Import the correct image, note that this time a meticulous selection for the airplane is needed, as you can see in the image below, I decided to include the thin bars between the wings too. To do so, it's better to use the pen tool on selecting the airplane, for a more precise work. You can choose not to include the iron bars, but be careful to remove all the remaining parts that are in front of the plane body, I knew it would had be a longer work, so I gave up, but you can do it by using the clone tool or the spot healing brush; in my opinion, for a better job, it is always best to use the clone tool, but this is only up to you.
Once the selection is done, you can go ahead with the chocolate transformation.
So, first, desaturate the airplane (remember, desaturation is the basic process to get the chocolate effect, so, never forget about it). (1st image)
Second,, charge the airplane selection pressing ctrl/cmd+click on the thumbnail of the airplane layer, then create a new empty layer above it and select it, and with the selection charged let's fill it with a dark brown, I used this one #331603, deselect by pressing ctrl/cmd+ D, and set this layer to overlay. (2nd image)
Third, merge the two layers by pressing ctrl/cmd+E, then, easily paint on the white numbers with the same color you used for coloring the plane, don't worry if it don't looks perfect now, the smudge tool will soon solve the inconvenient. (3rd image)
Set the plane carefully on top of the cupcake, add a layer mask to it and paint with a very small, soft, black brush on the mask to hide the wheels, which should be behind the ice cream's dunes.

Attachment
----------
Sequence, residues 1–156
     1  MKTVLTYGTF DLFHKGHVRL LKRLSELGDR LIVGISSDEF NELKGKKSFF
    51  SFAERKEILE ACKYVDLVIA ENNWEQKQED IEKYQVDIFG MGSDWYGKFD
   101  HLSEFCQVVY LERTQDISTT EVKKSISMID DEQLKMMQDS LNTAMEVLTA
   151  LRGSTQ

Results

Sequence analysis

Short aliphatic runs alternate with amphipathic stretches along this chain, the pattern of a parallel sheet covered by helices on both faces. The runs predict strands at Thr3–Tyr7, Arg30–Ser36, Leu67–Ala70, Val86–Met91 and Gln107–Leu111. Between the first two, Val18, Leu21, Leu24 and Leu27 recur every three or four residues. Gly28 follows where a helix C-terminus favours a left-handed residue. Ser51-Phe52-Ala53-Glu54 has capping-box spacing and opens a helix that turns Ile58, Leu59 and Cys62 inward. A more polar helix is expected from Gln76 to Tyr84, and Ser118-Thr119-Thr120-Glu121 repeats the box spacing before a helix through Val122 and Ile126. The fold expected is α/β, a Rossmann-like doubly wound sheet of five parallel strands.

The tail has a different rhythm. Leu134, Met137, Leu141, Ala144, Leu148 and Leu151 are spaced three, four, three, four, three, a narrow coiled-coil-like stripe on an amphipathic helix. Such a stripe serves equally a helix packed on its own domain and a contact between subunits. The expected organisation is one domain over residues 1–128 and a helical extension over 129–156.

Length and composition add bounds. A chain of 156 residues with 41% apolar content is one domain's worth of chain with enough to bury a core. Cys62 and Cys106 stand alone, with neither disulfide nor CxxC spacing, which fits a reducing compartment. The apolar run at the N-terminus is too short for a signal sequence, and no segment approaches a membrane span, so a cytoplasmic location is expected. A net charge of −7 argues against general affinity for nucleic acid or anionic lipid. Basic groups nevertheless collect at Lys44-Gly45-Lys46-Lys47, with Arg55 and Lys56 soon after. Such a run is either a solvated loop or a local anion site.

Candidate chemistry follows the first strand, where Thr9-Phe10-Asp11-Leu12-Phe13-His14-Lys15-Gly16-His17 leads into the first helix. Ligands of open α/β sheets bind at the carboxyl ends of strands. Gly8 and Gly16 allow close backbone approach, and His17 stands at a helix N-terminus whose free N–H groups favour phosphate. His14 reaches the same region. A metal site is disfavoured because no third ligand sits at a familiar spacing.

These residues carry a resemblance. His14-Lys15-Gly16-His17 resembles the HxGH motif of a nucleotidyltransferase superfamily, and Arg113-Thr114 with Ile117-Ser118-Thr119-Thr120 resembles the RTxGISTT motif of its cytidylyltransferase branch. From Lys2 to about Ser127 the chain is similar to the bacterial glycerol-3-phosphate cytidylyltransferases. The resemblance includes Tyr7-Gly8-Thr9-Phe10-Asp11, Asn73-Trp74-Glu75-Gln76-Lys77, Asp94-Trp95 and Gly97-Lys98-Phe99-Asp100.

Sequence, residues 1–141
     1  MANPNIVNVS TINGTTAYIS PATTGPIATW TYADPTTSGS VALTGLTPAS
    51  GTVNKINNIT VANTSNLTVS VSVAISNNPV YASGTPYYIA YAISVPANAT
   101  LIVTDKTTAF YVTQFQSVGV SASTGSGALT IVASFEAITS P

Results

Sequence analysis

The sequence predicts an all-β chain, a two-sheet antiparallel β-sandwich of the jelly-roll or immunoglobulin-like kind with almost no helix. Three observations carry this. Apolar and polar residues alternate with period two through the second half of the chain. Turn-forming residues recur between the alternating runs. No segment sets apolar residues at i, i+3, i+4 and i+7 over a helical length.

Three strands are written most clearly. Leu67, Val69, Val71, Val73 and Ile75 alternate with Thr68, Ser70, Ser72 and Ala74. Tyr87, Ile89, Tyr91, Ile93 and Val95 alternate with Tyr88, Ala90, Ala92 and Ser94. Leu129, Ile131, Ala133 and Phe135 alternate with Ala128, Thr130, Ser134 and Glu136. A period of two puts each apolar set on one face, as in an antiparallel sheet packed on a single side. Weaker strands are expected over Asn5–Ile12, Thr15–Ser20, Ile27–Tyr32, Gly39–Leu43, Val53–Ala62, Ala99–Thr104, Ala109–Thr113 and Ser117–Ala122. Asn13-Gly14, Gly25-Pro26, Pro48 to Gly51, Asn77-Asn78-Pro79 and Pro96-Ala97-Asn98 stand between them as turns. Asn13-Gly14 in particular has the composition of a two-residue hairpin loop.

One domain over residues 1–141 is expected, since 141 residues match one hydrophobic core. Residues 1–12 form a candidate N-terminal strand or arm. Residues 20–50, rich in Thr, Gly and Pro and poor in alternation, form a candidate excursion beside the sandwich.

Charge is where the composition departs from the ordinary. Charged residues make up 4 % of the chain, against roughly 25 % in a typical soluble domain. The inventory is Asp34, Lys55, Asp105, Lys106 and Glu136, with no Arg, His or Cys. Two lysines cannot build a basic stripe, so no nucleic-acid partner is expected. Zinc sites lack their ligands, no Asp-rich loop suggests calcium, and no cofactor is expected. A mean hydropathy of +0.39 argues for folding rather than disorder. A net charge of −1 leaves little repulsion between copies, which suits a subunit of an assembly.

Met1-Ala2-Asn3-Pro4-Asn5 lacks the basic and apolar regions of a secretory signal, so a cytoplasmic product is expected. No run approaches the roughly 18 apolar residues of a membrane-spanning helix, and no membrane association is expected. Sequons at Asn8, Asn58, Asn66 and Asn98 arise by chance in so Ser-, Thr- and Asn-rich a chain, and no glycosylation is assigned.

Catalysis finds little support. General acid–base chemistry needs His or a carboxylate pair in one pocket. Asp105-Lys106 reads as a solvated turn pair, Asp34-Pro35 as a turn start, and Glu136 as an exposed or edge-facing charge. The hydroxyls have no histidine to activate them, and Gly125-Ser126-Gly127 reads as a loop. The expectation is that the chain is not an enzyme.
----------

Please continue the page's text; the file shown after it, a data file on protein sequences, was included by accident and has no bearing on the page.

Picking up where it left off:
Create a new layer on top of the airplane and name it whites, use a tiny, soft, white brush and paint on the places where, in your opinion, the light would be more bright, in this case the upper part, try to follow the lines of the airplane while drawing. Then, when you think you have it done, change the blending mode to soft light, and reduce the opacity to 82%.
Now that you got a chocolate looking airplane, all you need to do is to make it real even more. A very important thing to do now, is softening the inner sharpen edges of the airplane. To get the effect, I used the smudge tool, 50% strength, all along the white lines, as showed by the underneath picture, watch out not to pass it over the thin bars (if you chose to leave them), or you will risk to destroy the image; therefore, in order to prevent it, every time you think you spoiled the image a little, get back and try to be more precise.
Do the same smudging process to the white lines we made in the previous step, I used a smaller brush for these.